Many recent films have touched upon the hypothesis regarding choice and the huge ramifications it can have on not only a life – but all across the globe.
In dystopian epic The Matrix Reloaded, Keanu Reeves’s mono-syllabic character Neo summed it up perfectly when in his signature monotone delivery, he uttered, “the problem is choice.”
Choice changes every path we take. The choice you made to grab some cereal before rushing to work changes your whole day, from the train you take to the people you meet. Choice is a chaotic animal that lords above every facet of your life.
In amongst the unruly though, certain phenomenon occur. These anomalies crop up in the form of parallels and correlations, and most of these fly past our vision with nary a batted eyelid. Perhaps this is because the minutiae of day to day routine isn’t enough to shake us from our reverie, but I think it is due to the occasion not being grand enough. If it were to happen on a scale so large that millions were affected, then we would all see it and gasp with wonder, no?
The place? Villa Park, April 1999, and Old Trafford in September of 2003.
Both games featured the same teams – Arsenal and Manchester United.
Both games saw red cards.
Both games hinged dramatically on a penalty.
Both penalties were taken by Dutchmen.
Both spot-kicks were missed.
Both incidents occurred in the dying embers of the games.
In 1999, it was injury time in the FA Cup Semi-Final replay between the Gunners and United. The first leg saw both sides unable to break the deadlock, but the replay saw David Beckham crack the resolute Arsenal defence with a 25yrd curler that left the outstretched Seaman with no chance. Not to be undone, Dennis Bergkamp restored parity with a long range shot that nicked a deflection and saw its way past Schmeichel. Plenty of chances later, but both outfits were so evenly matched that it was always going to go the wire.
No one told Phill Neville though. Ray Parlour received the ball just outside the box and took on Neville, and as Parlour darted past him, a swinging leg took down the Romford Pele, to win a penalty that would surely see Arsenal into a second final in two years.
In 1999, Bergkamp was one of the finest players in the stratosphere, never mind the Premier League. As he stepped up to the spot, confidence was high that this would make the net bulge and give Wenger’s men the victory that both teams had fought so valiantly for.
Peter Schmeichel, bedecked in brilliant green, stood between Arsenal and progress. Little did he know though, that the save he was about to make would also be the foundation from which United would go on to achieve an unrivalled set of silverware.
Bergkamp hit it to Schmeichel’s left, and that was the direction that the Dane had guessed. Minutes later and Arsenal had been left with the bill as Ryan Giggs, chest rug and all, rewrote the match – and history.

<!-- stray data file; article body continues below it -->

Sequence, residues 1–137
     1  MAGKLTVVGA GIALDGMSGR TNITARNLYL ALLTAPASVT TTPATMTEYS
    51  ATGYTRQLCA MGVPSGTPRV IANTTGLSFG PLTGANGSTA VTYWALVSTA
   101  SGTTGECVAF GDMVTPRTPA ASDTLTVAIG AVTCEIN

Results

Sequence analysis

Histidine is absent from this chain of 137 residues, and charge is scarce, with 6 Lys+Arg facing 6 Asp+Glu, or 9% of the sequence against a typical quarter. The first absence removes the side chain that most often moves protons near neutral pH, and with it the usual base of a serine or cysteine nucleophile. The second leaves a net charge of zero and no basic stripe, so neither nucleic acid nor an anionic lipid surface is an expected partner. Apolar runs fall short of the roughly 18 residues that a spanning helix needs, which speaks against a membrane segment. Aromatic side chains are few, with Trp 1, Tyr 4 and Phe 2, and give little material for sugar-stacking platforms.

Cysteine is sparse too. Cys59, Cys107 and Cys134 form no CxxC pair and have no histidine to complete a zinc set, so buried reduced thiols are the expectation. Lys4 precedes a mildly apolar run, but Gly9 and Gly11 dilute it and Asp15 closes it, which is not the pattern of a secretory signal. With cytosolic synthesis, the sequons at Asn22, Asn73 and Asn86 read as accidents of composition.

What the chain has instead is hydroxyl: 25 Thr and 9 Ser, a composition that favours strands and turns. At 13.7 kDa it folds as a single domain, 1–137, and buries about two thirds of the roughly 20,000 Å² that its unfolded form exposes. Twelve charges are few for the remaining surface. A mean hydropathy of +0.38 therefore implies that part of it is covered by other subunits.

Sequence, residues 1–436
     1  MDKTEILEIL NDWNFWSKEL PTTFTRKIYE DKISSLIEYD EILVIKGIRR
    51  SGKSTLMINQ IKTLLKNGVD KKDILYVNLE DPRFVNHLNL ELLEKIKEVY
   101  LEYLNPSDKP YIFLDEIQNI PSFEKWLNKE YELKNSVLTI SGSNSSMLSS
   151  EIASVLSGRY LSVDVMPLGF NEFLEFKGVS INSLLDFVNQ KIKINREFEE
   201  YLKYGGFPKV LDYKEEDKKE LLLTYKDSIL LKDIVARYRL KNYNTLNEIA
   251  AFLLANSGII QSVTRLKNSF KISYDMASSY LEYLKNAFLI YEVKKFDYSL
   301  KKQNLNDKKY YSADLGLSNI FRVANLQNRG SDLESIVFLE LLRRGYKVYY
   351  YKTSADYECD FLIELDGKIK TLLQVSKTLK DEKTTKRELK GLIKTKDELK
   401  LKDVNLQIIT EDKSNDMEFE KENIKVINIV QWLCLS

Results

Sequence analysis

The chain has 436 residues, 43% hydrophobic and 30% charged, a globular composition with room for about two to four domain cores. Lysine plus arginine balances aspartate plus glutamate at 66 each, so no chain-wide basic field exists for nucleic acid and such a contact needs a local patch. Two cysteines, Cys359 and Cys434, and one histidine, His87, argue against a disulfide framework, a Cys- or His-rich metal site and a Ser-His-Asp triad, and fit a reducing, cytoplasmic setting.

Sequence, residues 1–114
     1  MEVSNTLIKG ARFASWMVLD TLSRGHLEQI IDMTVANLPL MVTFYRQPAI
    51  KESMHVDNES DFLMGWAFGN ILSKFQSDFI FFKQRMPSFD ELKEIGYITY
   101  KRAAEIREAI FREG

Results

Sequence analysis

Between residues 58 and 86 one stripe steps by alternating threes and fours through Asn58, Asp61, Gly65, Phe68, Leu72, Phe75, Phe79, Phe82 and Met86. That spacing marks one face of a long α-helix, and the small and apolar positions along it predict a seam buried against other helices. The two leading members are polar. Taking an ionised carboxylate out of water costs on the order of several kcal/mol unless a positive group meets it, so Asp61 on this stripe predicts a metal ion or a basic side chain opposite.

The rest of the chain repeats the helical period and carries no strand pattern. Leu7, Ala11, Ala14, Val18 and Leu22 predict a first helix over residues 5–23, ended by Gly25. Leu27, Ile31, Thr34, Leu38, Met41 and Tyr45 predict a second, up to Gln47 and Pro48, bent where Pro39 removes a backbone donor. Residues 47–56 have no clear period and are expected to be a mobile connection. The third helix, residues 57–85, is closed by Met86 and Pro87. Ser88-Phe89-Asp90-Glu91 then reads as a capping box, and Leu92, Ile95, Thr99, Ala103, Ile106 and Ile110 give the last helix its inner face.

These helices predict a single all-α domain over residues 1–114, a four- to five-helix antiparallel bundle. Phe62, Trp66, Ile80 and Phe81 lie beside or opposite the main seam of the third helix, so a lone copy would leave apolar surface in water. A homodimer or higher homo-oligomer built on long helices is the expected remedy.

To Old Trafford in September 2003.
Arsenal had finished runners up cruelly the previous season, and the team had started the season convincingly. No matter how well they had been playing though, a visit to the home of United was always the toughest venue – and the game both sets of players looked forward to.
This game had chances as did the cup game in ’99, but there was no goals scored. Where there was a dearth of goals, there was ample aggro. United’s goal-getting frontman Ruud Van Nistelrooy was no stranger to histrionics, and his playacting and gamesmanship was irking the Gunners.
It all came to the boil when Van Nistelrooy clambered all over Patrick Vieira for a header, and ended up rolling off of the Frenchmans shoulders, sending Vieira tumbling. No free-kick from the referee, but Vieira wanted to dish out his own brand of justice, and a petulant flick of the leg went in the direction of the Dutchman.
The leg was at least a metre away from touching him, but Van Nistelrooy’s reaction provoked the referee to send of Vieira. A tumultuous gathering of players venting aggression and a few minutes later, order resumed.
The game went on and in the last minutes of the match, a ball came into the box. Martin Keown was marking Diego Forlan tightly, and both men went down to the floor. The referee instantly blew for a penalty, and it was panto villain Van Nistelrooy who stepped up.
The tension was palpable, and the Dutchman must’ve felt it too, as he smacked the ball hard against the crossbar. Some say the woodwork still wobbles to this day…..
Take a second to think about what was at stake for a single kick of the ball.
The Treble of ’99, and the Invincible season.
Both would never have occurred if it was a different penalty taker, if the chosen men had instead aimed for a different area of the goal. What about if the referee had refused to point to the spot in each game?
From such little decisions, massive consequences happen.
It beggars belief how many tangents can be visualised with every alternate choice, and if string theory is indeed true – then in each parallel universe we would have both Dutchmen celebrating, taking, not taking, and missing the penalties. That in turn leads to different winners of each trophy and the lustrous gold Premiership trophy never being made.
All because Dennis Bergkamp chose to kick his penalty to the right, and Van Nistelrooy high in the goal.
The problem is choice……
In many instances it is not the array of choices that are available that are the problem but the decision as to which one we select. Lots of people dodge the decision making and leave the choices to take their own path.
In my opinion it is preferable to make a decision – right or wrong – than to let fate decide, e.g. shall I place the spot kick to the left or to the right, or should I just run up put my laces through the ball and hope that it hits the target.
Like the article though, creates vivid memories.
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Very good points!